I LOVE what I do and am fortunate to work with people who see the value in what I do. If this is not the situation you operate in, begin with babystep #1. Remember, its not only for you, but the next generation of Searchologists as well.


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Thursday, November 17, 2005

The Business Card As Fine Art

AEA invited me to hang out with them the other day during their forum on "Technology Redefines the Role of Marketing." I had a good time and met some cool people, among them Lauren and Mo of "Goods For You."

What stood out to me about Lauren and Mo was not their impeccable manners, approachable nature or even their contribution to the discussion (for the record, these guys are pretty savvy). No, what kept them in my mind (now, days later) and compelled me to write about them was their business card. (See below)

What do I like about these cards so much? Ahh... Let me count the ways...

1. The baby pictures (and yes, these are their actual baby pictures) 2. The offbeat colors and ever so subtle psychedelic design. 3. The rounded upper right corner.

Put all these factors together and Goods For You is telling me a story. Ahem, (clearing my throat) the story goes like this...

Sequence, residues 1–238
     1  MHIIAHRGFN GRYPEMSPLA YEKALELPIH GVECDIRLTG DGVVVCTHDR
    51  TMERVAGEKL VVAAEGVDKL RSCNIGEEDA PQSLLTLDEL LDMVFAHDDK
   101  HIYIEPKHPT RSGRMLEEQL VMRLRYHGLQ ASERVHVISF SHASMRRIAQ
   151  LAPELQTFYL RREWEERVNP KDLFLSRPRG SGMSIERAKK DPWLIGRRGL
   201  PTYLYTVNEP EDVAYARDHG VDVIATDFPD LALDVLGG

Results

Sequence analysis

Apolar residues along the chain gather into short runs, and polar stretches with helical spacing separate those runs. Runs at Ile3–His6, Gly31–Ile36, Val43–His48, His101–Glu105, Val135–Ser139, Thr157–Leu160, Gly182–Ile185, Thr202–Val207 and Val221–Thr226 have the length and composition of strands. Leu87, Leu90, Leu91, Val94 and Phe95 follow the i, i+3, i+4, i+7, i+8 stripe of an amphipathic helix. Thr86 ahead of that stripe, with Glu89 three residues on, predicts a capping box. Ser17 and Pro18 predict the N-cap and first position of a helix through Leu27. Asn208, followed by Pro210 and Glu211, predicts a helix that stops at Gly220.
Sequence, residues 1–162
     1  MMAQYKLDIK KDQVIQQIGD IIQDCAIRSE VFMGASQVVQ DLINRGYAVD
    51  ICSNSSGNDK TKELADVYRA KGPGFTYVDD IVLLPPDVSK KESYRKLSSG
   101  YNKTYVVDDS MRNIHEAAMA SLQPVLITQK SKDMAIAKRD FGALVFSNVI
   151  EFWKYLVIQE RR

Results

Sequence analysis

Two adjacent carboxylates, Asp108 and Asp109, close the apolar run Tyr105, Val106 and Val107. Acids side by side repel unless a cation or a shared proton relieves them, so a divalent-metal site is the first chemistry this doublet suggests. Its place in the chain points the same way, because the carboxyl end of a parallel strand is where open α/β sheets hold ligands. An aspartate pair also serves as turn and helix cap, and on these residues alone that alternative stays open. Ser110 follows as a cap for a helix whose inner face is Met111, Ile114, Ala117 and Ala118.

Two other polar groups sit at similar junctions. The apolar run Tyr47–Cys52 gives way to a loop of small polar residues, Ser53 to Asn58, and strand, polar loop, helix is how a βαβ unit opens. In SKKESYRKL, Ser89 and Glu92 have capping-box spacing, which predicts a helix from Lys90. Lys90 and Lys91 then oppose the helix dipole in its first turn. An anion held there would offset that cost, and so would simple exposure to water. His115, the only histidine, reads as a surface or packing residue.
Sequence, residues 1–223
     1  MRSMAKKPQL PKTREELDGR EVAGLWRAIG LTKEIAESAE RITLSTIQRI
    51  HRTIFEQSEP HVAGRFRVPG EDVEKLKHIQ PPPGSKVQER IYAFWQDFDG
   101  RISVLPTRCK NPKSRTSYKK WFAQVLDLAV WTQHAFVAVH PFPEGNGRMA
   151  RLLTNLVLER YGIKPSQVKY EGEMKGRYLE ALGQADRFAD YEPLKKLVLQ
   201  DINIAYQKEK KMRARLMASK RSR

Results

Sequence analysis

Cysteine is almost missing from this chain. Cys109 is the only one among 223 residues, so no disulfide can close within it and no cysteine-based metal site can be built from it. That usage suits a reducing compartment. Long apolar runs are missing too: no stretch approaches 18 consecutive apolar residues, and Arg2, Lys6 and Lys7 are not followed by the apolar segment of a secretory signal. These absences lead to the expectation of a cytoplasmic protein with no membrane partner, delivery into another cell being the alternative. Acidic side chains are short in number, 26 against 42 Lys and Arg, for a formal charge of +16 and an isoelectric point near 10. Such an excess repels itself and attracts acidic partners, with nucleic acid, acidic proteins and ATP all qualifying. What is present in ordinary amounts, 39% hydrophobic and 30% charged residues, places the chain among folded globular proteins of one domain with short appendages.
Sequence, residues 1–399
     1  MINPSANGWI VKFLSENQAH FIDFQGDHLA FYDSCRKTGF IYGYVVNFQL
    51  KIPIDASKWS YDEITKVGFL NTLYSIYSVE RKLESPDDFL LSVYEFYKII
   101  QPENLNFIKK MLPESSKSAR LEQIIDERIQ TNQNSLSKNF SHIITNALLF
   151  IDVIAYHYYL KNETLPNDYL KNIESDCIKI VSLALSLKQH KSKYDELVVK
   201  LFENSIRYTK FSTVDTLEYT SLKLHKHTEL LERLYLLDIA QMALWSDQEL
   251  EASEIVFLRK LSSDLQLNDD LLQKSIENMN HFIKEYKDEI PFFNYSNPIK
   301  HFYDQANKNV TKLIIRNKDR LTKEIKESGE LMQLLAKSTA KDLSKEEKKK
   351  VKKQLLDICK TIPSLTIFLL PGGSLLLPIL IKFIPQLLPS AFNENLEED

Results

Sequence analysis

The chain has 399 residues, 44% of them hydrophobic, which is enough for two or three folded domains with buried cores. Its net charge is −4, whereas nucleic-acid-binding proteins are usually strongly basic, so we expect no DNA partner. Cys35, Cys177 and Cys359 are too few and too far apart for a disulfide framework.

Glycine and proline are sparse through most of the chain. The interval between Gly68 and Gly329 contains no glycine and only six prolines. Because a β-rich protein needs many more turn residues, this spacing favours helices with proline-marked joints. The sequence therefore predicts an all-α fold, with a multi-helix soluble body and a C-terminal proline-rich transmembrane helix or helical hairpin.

"Hi! My name is Lauren (or Mo') and I have imagination. I know how to take risks. Most of all, I know how to bring attention to myself. Surely, I can do this for your business. And hey, even if you don't call me right away, I am (even now) using my hypnotic marketing powers to compel you to show this card to someone else. Afterall, who can refuse a peek at a cute baby picture? Am I right?"

To this I say in a zombie-like voice, "Yes Lauren. I hear and I obey..."

Everytime I glance at the Goods For You buiness card (its on my desk now, next to my Geek coffee cup) I say to to myself, "Self, these guys are thinking."

And this of course had me thinking, how come business cards could not be art pieces? What is stopping someone from finding all the cool and interesting business cards in the world and blowing them up into 3x5 framed masterpieces? Maybe its me, but I think that would be somewhat amusing. So I begin to dig and find something almost as good.

Are you hip to Cardbroswer?